Twitter Hack: Elon Musk, Kanye West, Bill Gates, And More Hacked In Bitcoin Scam [Update]
A number of high-profile Twitter accounts have reportedly been accessed, all tweeting out the same Bitcoin address.
[Update: Verified accounts have once again been given the ability to tweet. The cause appears to be a hacker gaining access to Twitter's "admin" tool, which essentially gave them the ability to post from any account they wanted. Twitter said the perpetrators targeted employees who had access to "internal systems and tools" in order to gain entry.]
A number of high profile accounts have been hacked on Twitter, all tweeting out Bitcoin scams. Reported by CNET, the Twitter accounts of Bill Gates, Kanye West, Elon Musk, Apple, and other high profile and verified accounts have been compromised, all tweeting out a similar Bitcoin scam.
Kanye's since deleted tweet said "I am giving back to my fans. All Bitcoin sent to my address below will be sent back doubled. I am only doing a maximum of $10,000,000." The Bitcoin address given in the tweet was identical to the address in Gates', Musk's, and Apple's hacked tweets.
The official Twitter Support account posted a statement saying that they are aware of the issue and are investigating. Given the high-profile nature of all the accounts, including Barack Obama and Joe Biden, they most likely use two-factor authentication, so the hacked tweets are most likely not the result of their passwords being figured out.
We are aware of a security incident impacting accounts on Twitter. We are investigating and taking steps to fix it. We will update everyone shortly.— Twitter Support (@TwitterSupport) July 15, 2020
A spokesperson for Gates confirmed that the tweet was not sent by Gates and it part of a larger issue that Twitter is aware of and actively dealing with.
NEW — statement from a spokesperson for Bill Gates.— Teddy Schleifer (@teddyschleifer) July 15, 2020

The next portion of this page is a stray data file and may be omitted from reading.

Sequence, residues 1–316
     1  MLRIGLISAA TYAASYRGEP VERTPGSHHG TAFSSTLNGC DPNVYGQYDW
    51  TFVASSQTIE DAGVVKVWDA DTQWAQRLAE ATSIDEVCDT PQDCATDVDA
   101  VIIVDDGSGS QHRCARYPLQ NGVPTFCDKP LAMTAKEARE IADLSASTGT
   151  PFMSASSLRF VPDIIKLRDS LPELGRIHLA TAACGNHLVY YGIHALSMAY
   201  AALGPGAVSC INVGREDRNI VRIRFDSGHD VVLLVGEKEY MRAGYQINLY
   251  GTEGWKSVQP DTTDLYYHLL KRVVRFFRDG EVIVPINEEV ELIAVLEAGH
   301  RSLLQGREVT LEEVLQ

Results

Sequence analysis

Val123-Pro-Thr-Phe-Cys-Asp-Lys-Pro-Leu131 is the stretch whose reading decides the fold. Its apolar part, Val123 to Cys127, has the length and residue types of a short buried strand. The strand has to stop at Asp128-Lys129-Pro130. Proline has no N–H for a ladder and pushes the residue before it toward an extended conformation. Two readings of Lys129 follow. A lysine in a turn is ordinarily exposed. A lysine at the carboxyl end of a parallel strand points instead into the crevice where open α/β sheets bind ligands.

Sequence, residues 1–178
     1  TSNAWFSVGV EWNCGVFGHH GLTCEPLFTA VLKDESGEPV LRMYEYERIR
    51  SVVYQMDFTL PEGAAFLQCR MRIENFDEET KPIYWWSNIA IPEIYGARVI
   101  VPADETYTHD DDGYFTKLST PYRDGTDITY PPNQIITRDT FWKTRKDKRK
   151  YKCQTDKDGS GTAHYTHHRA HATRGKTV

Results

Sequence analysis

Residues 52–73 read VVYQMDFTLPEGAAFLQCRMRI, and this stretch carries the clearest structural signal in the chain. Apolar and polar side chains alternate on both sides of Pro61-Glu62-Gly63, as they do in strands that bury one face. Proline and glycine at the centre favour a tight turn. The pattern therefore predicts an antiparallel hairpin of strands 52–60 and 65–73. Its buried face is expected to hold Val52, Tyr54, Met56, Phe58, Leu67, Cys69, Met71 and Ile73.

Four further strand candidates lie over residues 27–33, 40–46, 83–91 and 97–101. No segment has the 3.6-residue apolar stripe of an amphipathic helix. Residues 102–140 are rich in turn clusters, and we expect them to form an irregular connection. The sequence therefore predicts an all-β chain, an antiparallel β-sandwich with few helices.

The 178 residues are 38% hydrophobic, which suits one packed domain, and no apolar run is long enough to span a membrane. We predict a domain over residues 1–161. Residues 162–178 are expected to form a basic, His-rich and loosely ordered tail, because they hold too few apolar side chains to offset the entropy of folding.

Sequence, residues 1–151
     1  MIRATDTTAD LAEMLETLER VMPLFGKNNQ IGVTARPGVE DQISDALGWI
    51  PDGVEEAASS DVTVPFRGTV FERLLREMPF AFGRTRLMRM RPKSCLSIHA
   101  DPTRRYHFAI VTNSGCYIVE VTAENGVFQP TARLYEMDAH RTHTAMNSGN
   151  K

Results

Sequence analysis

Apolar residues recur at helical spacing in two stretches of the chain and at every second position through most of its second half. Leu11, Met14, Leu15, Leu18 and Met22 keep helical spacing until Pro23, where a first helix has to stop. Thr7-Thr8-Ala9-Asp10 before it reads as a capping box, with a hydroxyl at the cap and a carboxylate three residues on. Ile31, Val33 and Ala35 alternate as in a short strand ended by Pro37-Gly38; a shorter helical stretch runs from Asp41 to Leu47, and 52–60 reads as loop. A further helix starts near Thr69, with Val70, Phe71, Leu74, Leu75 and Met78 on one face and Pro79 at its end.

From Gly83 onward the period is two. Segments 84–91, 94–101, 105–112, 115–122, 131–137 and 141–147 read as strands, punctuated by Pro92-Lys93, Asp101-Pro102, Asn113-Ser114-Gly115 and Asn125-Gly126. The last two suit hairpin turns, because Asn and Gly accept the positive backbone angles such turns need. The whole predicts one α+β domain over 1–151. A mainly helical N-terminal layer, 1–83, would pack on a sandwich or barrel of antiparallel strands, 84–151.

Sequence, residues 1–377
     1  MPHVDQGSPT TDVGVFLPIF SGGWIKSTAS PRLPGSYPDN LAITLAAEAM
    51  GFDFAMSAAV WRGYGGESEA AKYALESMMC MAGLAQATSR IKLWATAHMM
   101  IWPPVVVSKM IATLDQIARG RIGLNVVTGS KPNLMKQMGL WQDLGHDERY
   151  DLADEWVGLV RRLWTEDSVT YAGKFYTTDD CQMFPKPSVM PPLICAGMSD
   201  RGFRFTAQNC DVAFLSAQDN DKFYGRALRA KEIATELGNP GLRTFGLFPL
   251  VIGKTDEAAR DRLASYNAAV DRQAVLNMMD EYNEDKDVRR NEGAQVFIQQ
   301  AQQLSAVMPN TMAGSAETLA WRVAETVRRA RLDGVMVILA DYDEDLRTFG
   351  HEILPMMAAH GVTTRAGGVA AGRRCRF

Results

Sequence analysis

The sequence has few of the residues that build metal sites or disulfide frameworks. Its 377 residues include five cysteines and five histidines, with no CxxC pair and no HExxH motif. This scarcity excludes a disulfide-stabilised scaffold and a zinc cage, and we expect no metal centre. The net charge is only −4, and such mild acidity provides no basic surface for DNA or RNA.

"We can confirm that this tweet was not sent by Bill Gates. This appears to be part of a larger issue that Twitter is facing. Twitter is aware and working to restore the account.” pic.twitter.com/v37Jvs76Jl
The official Cash App account also sent out a similar tweet, however it contained a different Bitcoin address. A number of crypto currency accounts, like Gemini and Coinbase, have also been compromised. It is currently unknown how all of these accounts are being accessed, but the large number of high-profile accounts being accessed suggests a serious security issue.
At the time of writing this, the scammers Bitcoin address has reportedly gained about $100,000 from the scams, according to the publicly visible transactions.
It's an actual wallet address and there are transactions happening. It's unclear if these transactions are legit. Scammers often seed their own scams to give them the appearance of authenticity. https://t.co/GUHEDaKNxu pic.twitter.com/xfhl3817xr— Ryan Mac 🙃 (@RMac18) July 15, 2020
You should be wary of any tweets you see related to sending Bitcoin to people and in the wise words of DrLupo,
Don't send money to a random Bitcoin address.— DrLupo (@DrLupo) July 15, 2020
While no high-profile gaming accounts have been hacked as of yet, the unprecedented attack has prompted some responses from those in gaming circles.
Tweets, huh?— Double Fine (@DoubleFine) July 15, 2020
I have decided to give back to the community.— Cory Balrog 🖖 (@corybarlog) July 15, 2020
Everyone who sends bitcoin to the following address will receive the answer to one question of their choice.
please send all the bitz coinage to:
As of about 3:20 p.m. PST, Twitter has locked all verified accounts from posting news tweets. It appears that verified users can still like and retweet, but cannot draft and post new tweets.
You may be unable to Tweet or reset your password while we review and address this incident.— Twitter Support (@TwitterSupport) July 15, 2020
This story is developing
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